A U.S. District Court judge in Texas on Thursday, August 31, 2017, dismissed an Obama administration attempt to expand federal overtime rules, saying the Department of Labor relied too heavily on a salary threshold to determine exemption.
The expanded overtime rule had already been put on hold with a preliminary injunction just days before it was scheduled to take effect on Dec. 1, 2016. The late November injunction followed lawsuits filed by a coalition of 21 states and various business advocacy groups challenging the DOL’s authority in expanding the rule.
Judge Amos Mazzant III’s ruling last Thursday granted summary judgment in the case filed by the Plano, TX Chamber of Commerce and more than 55 business groups.
In his order, Mazzant concluded that the proposed changes to the overtime rule had overstepped Congress’ intentions in determining who should be exempt from overtime pay.
The original intent was meant to exempt workers with executive, administrative or professional capacity duties, but the Obama-era rule relied too heavily on salary without regard for job duties, Mazzant wrote.
What does this mean for Home Care?
The biggest impact the rule change had on home care agencies was the need to pay overtime to office staff who worked evenings and weekends taking on-call. Many agencies had schedulers and supervisors who were paid salary, and who earned more than $23,660 but less than the $47,476 in the revised DOL Rule. This meant that these team members would need to be paid hourly and would be subject to overtime after 40 hours. The big challenge for many agencies was tracking hours worked when taking on-call evenings and weekends.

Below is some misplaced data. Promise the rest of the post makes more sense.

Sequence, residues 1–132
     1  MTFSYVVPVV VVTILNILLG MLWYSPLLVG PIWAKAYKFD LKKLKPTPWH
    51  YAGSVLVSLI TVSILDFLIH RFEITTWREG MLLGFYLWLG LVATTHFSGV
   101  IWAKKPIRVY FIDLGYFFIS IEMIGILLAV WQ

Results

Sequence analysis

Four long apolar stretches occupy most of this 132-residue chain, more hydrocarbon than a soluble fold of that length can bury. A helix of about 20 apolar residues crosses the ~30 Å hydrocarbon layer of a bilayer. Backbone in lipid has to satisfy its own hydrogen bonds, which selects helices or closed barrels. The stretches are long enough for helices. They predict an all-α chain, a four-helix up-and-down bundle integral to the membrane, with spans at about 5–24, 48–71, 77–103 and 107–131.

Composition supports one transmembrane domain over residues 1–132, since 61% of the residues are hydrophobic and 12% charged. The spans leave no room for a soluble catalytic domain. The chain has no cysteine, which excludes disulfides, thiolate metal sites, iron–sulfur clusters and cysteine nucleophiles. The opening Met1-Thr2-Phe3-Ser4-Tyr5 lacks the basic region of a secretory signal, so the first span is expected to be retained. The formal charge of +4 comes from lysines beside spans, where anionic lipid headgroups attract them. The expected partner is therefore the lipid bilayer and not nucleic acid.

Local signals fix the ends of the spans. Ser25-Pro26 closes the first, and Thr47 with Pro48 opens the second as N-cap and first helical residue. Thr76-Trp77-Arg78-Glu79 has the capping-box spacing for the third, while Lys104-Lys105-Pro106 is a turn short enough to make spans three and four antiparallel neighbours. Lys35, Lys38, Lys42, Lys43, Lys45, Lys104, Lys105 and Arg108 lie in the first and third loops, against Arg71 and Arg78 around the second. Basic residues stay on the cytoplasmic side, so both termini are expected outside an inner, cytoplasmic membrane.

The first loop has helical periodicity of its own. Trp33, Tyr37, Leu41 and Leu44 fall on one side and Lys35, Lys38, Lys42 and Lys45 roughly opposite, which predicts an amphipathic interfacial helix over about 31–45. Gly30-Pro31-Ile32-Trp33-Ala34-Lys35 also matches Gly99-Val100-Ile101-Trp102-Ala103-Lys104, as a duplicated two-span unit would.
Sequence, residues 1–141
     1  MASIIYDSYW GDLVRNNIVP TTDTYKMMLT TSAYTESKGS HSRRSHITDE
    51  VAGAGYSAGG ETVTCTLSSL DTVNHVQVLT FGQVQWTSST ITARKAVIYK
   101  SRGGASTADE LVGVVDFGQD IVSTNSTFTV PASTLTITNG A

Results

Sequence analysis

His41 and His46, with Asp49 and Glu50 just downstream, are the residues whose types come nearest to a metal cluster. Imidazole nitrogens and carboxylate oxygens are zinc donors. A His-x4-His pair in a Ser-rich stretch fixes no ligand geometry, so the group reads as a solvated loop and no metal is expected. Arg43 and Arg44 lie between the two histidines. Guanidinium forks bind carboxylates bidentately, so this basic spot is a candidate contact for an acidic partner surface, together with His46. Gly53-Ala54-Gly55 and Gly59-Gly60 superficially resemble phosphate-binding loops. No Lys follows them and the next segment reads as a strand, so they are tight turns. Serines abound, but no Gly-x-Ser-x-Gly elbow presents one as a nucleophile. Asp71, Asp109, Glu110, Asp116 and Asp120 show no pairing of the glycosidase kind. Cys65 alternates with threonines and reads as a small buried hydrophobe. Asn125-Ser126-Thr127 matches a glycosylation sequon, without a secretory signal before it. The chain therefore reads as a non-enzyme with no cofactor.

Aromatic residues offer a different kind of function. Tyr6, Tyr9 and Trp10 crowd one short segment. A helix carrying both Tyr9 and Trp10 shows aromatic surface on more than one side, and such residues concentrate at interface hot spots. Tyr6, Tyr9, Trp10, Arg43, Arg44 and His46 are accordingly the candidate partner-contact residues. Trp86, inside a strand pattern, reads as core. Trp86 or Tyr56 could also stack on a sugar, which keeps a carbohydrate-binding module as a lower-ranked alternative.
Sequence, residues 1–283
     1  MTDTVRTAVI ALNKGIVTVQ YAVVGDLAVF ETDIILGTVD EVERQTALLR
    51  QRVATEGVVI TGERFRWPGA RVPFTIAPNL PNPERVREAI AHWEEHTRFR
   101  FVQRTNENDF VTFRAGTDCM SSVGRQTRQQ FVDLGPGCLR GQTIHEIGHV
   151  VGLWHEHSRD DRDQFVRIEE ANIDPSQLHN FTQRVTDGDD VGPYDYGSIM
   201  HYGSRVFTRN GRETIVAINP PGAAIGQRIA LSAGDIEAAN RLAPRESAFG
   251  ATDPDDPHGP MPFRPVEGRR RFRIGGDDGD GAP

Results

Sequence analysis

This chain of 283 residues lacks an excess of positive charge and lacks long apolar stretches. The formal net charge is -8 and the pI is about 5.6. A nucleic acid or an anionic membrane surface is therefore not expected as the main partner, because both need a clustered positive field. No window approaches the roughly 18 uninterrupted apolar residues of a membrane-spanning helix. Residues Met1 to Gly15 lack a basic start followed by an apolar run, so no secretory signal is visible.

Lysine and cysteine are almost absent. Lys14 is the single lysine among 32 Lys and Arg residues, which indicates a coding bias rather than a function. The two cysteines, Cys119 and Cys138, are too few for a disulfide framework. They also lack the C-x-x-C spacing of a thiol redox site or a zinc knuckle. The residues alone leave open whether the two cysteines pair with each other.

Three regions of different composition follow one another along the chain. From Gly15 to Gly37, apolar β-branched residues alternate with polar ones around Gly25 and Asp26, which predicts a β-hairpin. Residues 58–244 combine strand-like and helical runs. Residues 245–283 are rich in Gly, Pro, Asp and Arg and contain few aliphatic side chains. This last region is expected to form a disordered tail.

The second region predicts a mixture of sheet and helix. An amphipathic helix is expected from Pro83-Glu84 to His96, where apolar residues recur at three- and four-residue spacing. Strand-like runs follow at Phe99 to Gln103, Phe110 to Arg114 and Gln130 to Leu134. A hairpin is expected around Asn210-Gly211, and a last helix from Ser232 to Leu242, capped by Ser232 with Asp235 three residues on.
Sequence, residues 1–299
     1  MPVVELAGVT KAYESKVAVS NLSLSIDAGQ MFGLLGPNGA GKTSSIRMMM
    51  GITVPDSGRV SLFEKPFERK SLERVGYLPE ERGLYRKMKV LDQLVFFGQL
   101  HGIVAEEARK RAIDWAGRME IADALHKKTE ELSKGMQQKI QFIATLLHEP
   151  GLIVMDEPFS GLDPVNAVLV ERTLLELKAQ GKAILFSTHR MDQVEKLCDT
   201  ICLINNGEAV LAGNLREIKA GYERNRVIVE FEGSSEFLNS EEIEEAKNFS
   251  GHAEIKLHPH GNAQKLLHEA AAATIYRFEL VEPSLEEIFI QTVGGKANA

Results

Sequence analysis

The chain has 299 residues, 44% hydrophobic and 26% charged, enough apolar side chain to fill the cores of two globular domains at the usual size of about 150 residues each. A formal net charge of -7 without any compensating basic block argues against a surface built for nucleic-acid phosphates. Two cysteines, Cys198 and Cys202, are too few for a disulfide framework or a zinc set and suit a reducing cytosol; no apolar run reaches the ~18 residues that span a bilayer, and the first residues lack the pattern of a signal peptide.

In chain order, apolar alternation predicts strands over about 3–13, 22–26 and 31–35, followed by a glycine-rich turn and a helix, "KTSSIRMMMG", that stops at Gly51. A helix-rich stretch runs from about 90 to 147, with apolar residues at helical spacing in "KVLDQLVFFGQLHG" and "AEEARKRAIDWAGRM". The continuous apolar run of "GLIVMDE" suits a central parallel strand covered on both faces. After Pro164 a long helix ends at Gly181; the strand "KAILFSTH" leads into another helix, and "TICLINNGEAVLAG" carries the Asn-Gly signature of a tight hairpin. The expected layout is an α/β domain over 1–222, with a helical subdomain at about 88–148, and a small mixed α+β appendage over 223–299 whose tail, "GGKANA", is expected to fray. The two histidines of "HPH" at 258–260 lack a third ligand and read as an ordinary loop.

With the reversal of the rule by Judge Mazzant, agencies could continue to pay office staff a salary, and not have to pay overtime if the staff member earns over $23,660, and if their job duties fit the job duties for an “exempt salaried position.” The key here is to look at the job duties. Just because someone is paid a salary of more than $23,660 does not mean that position is automatically classified as exempt. Their position must include “executive, administrative, or professional duties” as defined in the FLSA.
This Ruling Does not Affect Caregiver Overtime
This ruling does not affect the requirement to pay caregivers overtime if they work more than 40 hours per week. While there has been some conversation in congress about revising the Fair Labor Standards Act to return the home care Companionship Exemption, nothing has been done yet. You still need to pay caregivers overtime.